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Have heard about the 1993 “Mozart Effect” study?
This study claimed that students showed increased levels of spatial intelligence after hearing Mozart’s music. At the time, many parents took the study to mean that playing classical music for their babies would cause them to grow up smarter. Although the study was later debunked, a psychologist named Dr Frances Rauscher and a neuroscientist named Gordon Shaw found that early exposure to classical music can improve a baby’s cognitive ability. However, just being exposed to music only has temporary benefits, while musical instruction has a more lasting effect.
How Music Affects a Baby’s Brain
A study at the University of Washington found that play sessions with music improved 9-month-old babies’ brain processing. One group of babies simply played with toys that required coordinated movements, such as blocks, with no music in the background. The other group were led in tapping out beats in time to music playing in the background. By the end of the study, the group who attended the musical sessions were better able to pick out patterns in sounds.
Although the beats and timing in music are what helps with pattern recognition, it is also good to simply sing to your baby. Even if you are not confident in your singing abilities, just hearing the words helps babies learn language. Babies also enjoy the patterns and rhythms in songs. As they get older, they will like singing along with you.
For unborn babies, benefits are unclear because it is difficult to observe how they are affected by music. The studies of the positive impacts of music are directed at already-born babies and older children, but there is no indication that playing music could harm a foetus. If you want to play music for your baby while pregnant, don’t put headphones on your stomach. Instead, just play it normally on the stereo. Having the music too close could scare or overstimulate the foetus because amniotic fluid is highly effective at conducting sound.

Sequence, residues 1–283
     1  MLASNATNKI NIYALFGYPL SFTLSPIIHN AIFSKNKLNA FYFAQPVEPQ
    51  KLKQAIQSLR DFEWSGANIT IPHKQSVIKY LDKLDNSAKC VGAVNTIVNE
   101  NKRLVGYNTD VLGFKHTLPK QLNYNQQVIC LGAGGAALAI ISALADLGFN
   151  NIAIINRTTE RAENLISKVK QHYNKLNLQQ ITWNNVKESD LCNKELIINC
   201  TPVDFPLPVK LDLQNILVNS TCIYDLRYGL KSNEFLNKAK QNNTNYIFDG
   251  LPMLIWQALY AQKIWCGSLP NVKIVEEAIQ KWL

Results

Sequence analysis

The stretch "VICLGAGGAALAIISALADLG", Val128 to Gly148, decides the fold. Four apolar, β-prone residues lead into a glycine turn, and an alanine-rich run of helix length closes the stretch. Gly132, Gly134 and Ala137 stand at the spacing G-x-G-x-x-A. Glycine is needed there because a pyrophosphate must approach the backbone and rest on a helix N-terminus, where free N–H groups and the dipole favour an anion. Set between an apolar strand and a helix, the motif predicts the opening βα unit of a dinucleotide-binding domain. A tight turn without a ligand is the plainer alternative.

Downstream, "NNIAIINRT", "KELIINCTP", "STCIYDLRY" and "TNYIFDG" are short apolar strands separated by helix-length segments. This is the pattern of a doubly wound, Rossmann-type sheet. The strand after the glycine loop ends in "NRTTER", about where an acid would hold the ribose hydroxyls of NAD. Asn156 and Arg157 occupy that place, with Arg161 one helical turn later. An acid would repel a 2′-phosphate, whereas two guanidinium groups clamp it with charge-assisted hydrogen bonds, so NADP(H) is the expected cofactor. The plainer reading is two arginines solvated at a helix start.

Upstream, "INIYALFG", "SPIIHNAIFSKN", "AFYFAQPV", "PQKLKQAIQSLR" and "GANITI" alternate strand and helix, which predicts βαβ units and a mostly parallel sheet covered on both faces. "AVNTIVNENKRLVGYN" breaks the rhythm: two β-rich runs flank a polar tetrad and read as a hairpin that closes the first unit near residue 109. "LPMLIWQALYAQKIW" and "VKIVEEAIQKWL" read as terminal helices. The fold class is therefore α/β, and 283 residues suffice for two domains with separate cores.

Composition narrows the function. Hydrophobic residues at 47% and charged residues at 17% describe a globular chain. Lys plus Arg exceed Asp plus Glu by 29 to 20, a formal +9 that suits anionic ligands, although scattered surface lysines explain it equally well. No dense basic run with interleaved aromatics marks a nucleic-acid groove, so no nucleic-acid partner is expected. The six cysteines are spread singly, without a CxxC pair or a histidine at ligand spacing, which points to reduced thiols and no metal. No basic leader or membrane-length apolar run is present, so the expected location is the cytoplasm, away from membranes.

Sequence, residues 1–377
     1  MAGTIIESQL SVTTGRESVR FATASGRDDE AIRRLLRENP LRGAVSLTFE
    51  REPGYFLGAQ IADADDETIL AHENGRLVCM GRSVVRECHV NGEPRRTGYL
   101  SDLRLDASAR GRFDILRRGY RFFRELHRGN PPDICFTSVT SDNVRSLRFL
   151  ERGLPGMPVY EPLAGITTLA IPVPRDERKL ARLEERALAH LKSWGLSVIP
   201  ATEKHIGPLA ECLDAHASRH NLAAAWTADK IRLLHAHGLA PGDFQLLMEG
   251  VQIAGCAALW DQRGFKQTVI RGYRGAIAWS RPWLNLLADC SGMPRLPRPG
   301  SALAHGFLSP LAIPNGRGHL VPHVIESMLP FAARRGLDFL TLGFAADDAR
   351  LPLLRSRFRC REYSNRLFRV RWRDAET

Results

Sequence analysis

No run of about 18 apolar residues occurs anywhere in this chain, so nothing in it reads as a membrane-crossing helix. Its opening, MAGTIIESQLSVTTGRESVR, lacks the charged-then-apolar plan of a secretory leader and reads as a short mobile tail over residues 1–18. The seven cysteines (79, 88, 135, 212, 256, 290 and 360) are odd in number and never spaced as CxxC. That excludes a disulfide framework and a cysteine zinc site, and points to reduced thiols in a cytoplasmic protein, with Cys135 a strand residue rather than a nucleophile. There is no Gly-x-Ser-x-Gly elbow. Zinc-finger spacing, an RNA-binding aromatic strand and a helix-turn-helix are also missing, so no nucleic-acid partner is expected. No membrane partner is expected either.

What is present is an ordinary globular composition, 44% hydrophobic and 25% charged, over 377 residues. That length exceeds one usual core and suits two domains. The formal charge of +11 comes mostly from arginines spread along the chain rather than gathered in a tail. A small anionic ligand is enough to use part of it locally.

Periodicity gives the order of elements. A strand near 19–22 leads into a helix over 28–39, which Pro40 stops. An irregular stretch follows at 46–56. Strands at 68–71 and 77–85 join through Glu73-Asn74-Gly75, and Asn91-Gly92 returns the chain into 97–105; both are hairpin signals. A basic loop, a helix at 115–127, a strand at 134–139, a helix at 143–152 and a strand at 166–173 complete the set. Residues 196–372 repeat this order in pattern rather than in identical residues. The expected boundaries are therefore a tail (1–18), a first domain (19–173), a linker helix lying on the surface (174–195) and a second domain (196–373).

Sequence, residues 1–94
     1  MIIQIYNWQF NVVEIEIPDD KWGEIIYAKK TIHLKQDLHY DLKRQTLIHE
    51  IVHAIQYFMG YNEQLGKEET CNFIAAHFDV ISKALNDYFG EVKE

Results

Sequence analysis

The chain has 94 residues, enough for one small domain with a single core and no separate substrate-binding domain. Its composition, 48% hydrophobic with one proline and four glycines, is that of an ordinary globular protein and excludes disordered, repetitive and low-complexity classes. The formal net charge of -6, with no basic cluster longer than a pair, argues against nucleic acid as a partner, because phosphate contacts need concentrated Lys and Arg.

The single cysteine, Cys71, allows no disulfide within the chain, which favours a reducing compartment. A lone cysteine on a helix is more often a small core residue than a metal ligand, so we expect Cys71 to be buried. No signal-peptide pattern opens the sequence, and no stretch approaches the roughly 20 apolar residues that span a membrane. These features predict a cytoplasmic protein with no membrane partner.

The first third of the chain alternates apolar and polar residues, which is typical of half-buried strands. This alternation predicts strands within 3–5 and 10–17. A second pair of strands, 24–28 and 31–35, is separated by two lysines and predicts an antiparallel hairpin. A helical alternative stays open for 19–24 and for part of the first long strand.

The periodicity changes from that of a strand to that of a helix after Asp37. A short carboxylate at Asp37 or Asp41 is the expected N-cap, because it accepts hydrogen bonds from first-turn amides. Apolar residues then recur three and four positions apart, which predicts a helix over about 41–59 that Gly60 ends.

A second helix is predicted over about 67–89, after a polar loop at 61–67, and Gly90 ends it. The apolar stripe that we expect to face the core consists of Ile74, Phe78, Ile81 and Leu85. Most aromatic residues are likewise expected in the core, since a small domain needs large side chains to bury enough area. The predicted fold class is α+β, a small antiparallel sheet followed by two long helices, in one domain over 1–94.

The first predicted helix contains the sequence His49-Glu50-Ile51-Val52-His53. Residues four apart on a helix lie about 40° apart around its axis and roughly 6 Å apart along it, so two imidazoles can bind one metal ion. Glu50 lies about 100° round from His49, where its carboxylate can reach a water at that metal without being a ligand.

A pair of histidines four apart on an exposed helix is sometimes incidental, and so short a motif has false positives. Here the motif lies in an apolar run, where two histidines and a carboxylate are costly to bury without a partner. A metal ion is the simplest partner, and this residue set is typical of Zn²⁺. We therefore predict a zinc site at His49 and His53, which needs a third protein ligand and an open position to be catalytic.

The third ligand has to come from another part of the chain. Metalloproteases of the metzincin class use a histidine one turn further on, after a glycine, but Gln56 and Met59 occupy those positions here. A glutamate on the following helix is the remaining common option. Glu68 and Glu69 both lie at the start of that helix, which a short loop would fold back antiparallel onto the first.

Does the Genre Matter?
Surprisingly, the neurological benefits of music are not limited to the classical genre. Dr Diane Bales, an Extension Human Development Specialist working at the University of Georgia, found that any kind of music stimulates a baby’s brain, and other genres besides classical can still help them relax and put them in a positive mood. Furthermore, even young infants have preferences for certain types of sounds, so there is no harm in experimenting to find your baby’s favourite genre.
However, there are merits to using classical music specifically. The complex structure of classical music provides more brain stimulation, building more pathways in the brain. Babies as young as 3 months can recognise this structure and know when they have heard a specific piece of classical music before. Babies can also recognize the same piece of music played at two different tempos. They notice pitch as well, and wrong notes.
Try a Baby Music Class
Once your baby is at least a year old, enrolling them in child-friendly music classes is a great way to build up their mental abilities. Interactive classes that teach them hand motions and allow them to “play” percussion instruments have been shown to help develop communication skills. Researchers who studied babies enrolled in these classes also found that they smiled more and showed earlier, more sophisticated brain responses to music. These classes are so beneficial because music teaches children about patterns and sequencing, counting, and body awareness, as well as boosting their memory.